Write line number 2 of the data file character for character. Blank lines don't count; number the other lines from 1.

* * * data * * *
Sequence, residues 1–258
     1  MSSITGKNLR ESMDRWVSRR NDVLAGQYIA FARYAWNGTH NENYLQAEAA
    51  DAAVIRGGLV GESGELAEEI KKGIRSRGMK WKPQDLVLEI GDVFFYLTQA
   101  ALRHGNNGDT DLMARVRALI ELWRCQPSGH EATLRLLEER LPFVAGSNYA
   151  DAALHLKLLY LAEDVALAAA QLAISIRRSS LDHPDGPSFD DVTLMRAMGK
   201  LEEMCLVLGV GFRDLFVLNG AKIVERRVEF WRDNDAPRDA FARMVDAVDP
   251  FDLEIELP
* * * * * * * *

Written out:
     1  MSSITGKNLR ESMDRWVSRR NDVLAGQYIA FARYAWNGTH NENYLQAEAA